He regrets that, now.
Sirius was venting about something – Remus later found out it was something Snape had said. Sirius vented frequently, and Remus had stopped listening sometime during the first sentence.
He's pretty sure he fanned the flames. Not that the flames weren't already a roaring bonfire of a blaze. Still, Remus did nothing to stop them. He poured an oxygen tank out on top of them. All with a simple mhmm.
He can't blame himself for Sirius running into Snape on his way to the Shack that night. Try as he might, he can't. That was just horrendous luck.
Still, Sirius was burning with rage that night, and Remus has always been the only one who can extinguish him when he gets that way, but Remus was off in Remus-land.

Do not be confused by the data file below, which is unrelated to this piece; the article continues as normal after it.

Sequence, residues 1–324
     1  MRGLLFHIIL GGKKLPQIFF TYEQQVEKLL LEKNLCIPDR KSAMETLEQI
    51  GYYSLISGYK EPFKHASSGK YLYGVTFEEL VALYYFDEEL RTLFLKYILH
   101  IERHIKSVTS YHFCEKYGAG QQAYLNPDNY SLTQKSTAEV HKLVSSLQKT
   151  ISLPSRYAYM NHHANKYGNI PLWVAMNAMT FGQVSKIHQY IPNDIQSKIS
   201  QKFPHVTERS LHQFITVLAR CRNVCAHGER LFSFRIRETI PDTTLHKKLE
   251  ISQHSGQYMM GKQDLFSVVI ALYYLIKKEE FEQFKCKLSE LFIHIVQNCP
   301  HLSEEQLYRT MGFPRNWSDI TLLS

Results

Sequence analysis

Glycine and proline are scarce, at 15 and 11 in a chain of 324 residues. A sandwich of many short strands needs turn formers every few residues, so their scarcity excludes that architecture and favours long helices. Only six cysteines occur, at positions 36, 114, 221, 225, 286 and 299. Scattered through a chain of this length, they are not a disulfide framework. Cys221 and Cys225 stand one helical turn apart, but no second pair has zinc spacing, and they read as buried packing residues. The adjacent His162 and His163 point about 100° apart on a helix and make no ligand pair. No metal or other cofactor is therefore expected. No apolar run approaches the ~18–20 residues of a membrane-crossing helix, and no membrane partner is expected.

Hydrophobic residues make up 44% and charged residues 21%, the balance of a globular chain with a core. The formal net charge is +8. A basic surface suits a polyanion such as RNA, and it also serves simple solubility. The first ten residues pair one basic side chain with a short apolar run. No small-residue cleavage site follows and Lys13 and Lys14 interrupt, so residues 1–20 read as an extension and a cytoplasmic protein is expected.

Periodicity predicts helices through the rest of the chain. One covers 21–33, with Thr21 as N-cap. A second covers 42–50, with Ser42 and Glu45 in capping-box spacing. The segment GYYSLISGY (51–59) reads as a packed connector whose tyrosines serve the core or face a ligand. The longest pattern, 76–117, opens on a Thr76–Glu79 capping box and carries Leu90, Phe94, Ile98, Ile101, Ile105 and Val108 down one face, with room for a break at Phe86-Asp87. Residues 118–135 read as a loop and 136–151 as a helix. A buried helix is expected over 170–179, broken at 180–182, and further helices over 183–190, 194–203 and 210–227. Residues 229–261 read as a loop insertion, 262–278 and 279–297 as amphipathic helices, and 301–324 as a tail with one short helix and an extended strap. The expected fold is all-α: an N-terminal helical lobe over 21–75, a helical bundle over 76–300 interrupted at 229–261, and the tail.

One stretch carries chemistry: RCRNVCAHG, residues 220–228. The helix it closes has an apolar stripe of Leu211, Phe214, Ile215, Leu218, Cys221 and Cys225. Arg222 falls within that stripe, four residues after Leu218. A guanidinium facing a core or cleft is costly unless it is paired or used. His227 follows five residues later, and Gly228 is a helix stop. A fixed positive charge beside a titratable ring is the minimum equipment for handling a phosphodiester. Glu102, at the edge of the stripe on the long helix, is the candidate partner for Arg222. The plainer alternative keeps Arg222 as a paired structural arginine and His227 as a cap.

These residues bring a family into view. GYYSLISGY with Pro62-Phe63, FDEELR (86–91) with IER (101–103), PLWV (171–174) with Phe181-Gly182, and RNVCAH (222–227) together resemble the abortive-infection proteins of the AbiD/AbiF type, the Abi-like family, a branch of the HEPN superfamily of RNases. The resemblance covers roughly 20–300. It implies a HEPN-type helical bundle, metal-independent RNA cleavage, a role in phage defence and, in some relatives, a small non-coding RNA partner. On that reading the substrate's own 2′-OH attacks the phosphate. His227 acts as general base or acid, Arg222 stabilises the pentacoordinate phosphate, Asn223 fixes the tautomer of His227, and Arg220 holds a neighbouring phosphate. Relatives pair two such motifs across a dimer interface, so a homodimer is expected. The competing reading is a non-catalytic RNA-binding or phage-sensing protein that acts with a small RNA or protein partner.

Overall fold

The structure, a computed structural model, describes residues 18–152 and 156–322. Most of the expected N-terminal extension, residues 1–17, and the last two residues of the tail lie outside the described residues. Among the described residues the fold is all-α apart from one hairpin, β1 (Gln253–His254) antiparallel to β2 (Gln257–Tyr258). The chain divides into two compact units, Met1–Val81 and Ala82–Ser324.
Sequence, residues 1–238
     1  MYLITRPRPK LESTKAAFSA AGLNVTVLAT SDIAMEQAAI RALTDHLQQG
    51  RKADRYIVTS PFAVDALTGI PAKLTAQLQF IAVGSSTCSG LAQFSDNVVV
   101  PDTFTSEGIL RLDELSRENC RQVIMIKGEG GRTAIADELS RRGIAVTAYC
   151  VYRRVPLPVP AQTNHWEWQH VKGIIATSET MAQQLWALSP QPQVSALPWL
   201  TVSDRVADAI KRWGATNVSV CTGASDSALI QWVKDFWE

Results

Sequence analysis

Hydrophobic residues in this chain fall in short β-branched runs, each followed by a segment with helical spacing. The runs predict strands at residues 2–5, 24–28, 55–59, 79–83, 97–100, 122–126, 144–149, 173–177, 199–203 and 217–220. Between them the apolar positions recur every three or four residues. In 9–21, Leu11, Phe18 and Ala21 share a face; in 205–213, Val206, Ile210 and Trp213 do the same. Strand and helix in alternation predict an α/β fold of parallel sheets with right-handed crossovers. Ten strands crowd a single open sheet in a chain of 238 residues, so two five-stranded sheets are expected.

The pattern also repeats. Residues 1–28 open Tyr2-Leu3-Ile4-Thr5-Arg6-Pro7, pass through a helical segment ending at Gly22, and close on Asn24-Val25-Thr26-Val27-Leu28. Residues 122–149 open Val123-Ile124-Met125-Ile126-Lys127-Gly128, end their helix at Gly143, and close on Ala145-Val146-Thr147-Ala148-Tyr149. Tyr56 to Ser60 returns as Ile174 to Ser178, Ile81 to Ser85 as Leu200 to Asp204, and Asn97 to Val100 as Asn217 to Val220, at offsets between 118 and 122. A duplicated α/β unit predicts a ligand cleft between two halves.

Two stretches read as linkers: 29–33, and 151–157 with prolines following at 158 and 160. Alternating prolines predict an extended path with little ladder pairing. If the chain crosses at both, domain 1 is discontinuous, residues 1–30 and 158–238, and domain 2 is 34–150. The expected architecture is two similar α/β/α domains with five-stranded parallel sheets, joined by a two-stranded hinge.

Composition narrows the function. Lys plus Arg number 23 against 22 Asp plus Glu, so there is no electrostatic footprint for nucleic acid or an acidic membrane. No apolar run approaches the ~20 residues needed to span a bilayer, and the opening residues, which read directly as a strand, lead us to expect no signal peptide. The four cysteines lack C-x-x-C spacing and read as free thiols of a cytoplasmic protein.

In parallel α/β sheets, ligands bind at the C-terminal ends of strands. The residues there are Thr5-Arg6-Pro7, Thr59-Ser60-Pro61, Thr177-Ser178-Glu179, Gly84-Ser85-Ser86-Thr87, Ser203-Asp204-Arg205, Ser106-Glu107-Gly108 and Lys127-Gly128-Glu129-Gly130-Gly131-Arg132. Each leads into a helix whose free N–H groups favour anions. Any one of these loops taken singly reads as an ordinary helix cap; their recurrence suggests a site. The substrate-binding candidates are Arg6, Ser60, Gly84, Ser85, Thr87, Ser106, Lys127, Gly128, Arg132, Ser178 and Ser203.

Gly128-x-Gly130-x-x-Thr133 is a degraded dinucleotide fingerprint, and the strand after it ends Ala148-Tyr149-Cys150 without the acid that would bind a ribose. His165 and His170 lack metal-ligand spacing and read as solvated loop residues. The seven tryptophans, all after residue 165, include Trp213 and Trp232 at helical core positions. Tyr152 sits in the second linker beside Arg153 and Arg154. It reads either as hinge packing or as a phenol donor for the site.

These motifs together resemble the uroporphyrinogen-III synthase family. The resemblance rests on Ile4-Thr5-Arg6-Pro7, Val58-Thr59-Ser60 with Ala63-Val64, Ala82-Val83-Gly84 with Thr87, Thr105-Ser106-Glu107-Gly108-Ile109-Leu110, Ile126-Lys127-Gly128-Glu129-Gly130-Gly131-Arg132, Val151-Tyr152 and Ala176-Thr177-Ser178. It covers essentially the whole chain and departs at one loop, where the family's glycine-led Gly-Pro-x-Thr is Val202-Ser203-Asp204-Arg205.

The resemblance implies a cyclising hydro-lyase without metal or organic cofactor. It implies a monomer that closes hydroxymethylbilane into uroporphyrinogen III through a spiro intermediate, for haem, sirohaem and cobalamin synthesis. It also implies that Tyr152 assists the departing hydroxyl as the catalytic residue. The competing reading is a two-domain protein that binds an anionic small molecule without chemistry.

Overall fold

He should have known better.
The fact of the matter is, Snape nearly died that night because Remus wasn't paying attention.
Is it odd that he's never blamed Sirius for that night?
He didn't have trouble blaming his father the first time. It's the same situation, isn't it?
But it's not, somehow. And Remus can't hate Sirius. He can't hate Sirius for his faults when Sirius has accepted Remus despite his.
Those two nights combined definitely should have kicked Remus's thoughts into order.
And really, it seems only fitting that the habit that has haunted his life should cause his death.
Because here he is, dueling death eaters, Dora at his side, and his thoughts are meandering through the worst parts of his life.
He's still throwing out spells like his life depends on it (which it does), but he's not paying attention, not really.
The green light shooting at his face too quickly for him to avoid proves that maybe he should be.